The donations for this upcoming project have arrived from two sides. A well-known charitable trust, Ann & Bill Swindells, have donated $2 million and Ballmer Group, more precisely Connie Ballmer, has provided $5 million.
Willamette Falls Trust’s executive director Andrew Mason has said that this donation is of tremendous value for the entire state of Oregon. The donation will help Oregon City, the state itself, the metro located in Portland, and of course, it will stimulate the Riverwalk project.
The project is scheduled for the end of the spring next year. The main goal of the project is to transform the old mill buildings. These paper mills will be repurposed into an overlook facility. When the project is finished, the public will have a chance to enjoy the view of the falls and the beautiful scenery surrounding the Willamette River. The Riverwalk project will reanimate the cultural and historical interpretation of the area, as well as the gathering spaces and the habitat.
Connie Ballmer, one of the two donors for the project, used to work as a young student at a Crown Zellerbach mill, located on the west side of the Falls. Ballmer has stated that the current situation with the Falls is the same as if someone had placed a roof on top of the Grand Canyon, and hid it from the public eye. She has added that the time has come for Willamette Falls to have their roof taken off them and for the public to breathe in the beauty of this site.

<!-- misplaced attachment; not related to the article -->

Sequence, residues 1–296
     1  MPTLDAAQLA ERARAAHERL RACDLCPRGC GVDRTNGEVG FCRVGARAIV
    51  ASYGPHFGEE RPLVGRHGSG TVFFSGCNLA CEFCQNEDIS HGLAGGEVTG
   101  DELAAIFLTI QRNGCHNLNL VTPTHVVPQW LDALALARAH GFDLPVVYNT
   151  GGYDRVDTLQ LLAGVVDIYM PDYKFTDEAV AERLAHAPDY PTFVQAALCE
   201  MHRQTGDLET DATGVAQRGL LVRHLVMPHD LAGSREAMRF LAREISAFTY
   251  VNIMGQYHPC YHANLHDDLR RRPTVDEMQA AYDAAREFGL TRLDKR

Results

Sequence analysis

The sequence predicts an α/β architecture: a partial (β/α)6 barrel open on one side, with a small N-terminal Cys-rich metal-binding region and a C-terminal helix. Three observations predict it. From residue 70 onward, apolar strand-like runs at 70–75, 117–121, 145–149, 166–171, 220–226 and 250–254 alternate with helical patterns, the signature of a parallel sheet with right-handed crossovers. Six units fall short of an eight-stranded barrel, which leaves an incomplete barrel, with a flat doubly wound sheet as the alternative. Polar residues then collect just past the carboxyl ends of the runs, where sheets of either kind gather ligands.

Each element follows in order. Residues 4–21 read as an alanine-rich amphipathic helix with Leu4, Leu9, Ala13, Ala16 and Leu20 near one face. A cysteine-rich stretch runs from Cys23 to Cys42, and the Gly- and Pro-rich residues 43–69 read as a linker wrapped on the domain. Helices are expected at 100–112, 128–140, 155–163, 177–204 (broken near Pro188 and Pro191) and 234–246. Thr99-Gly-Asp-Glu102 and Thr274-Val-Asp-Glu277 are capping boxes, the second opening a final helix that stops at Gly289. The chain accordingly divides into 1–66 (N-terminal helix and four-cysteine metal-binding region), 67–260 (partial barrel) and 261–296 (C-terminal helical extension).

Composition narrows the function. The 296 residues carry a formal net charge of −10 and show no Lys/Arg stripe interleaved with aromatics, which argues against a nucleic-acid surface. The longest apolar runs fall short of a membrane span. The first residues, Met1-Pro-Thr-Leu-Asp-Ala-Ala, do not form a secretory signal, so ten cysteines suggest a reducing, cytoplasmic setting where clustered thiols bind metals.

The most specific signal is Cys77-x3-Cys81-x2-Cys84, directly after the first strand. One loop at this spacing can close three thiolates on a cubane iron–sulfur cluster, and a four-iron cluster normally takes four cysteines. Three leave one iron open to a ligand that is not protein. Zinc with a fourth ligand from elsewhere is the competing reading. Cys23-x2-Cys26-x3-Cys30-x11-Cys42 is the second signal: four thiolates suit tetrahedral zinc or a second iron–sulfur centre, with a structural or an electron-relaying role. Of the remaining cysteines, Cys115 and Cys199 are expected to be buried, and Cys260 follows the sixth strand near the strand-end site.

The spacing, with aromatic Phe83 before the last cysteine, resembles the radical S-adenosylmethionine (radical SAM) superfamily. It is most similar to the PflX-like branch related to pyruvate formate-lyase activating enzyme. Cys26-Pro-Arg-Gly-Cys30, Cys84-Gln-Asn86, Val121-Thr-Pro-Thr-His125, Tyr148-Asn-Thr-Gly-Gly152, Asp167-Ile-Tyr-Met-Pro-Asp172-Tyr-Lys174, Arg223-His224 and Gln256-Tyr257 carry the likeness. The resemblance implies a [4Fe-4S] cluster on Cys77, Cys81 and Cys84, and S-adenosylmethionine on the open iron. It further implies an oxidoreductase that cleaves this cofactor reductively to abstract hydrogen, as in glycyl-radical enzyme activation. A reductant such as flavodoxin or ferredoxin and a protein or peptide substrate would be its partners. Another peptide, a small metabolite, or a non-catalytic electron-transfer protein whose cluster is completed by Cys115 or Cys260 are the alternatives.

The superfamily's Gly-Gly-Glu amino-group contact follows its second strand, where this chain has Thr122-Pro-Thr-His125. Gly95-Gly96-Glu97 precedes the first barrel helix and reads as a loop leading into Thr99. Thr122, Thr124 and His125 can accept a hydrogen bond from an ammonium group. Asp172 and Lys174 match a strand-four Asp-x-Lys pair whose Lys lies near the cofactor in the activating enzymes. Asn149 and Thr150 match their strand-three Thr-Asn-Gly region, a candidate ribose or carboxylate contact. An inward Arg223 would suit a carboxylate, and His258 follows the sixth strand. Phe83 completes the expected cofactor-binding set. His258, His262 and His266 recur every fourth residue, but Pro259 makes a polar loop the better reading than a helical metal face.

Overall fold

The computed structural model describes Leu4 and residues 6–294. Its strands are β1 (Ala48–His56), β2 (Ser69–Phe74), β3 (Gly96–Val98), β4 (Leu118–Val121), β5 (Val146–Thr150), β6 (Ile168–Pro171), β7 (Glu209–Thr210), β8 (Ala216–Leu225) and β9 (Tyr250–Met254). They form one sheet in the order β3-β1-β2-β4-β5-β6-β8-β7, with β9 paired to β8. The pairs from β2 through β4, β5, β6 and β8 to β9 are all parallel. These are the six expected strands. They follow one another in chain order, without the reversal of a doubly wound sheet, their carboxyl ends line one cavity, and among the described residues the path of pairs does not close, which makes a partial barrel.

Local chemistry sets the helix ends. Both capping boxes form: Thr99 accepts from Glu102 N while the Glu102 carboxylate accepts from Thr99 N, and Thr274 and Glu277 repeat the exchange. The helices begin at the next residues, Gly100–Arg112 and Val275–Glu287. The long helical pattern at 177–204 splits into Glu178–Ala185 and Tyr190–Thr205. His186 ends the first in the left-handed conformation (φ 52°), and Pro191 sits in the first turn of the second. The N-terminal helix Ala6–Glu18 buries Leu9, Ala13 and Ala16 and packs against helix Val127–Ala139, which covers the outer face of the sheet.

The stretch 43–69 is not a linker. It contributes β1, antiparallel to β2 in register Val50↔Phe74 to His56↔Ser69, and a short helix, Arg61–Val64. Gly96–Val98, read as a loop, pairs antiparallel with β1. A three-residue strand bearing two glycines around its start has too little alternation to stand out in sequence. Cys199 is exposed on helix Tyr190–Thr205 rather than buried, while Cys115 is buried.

Cultural, Historical, and Natural Treasures
Andrew Mason has also discussed the issue regarding public access to this iconic site. He has stated that it is an enormous shame that the second largest waterfall in the U.S. remains literally locked away from the public. The Falls are currency behind the fences, and that fact is a disgrace to the state of Oregon. Mason is glad that Oregon now has a chance to resurrect this valuable site.
The goal of the initial stage of the Riverwalk project is $35 million acquired through fundraising. Mason stated that, according to the plane, this stage should be completed by 2022. Willamette Falls Legacy Project has already provided $19.5 million. Also, the additional amount of $7 million has pushed the project so close to its goal — 75% of the fundraising objective is already acquired.
Besides this, Andrew Mason expects bond measure for the Metro park to end up in the ballot by the end of this year. This bond measure will aid the pace of the upcoming stages of the project. These future stages will help with the development of the entire area. Mason revealed that the plans for the falls included cultural events, community events, food carts, and much more. All of these entertaining and culturally enriching details will turn the site into a place of inspiration and adoration. Andrew Mason has also added that this site is of tremendous importance and value for both natural and tribal history.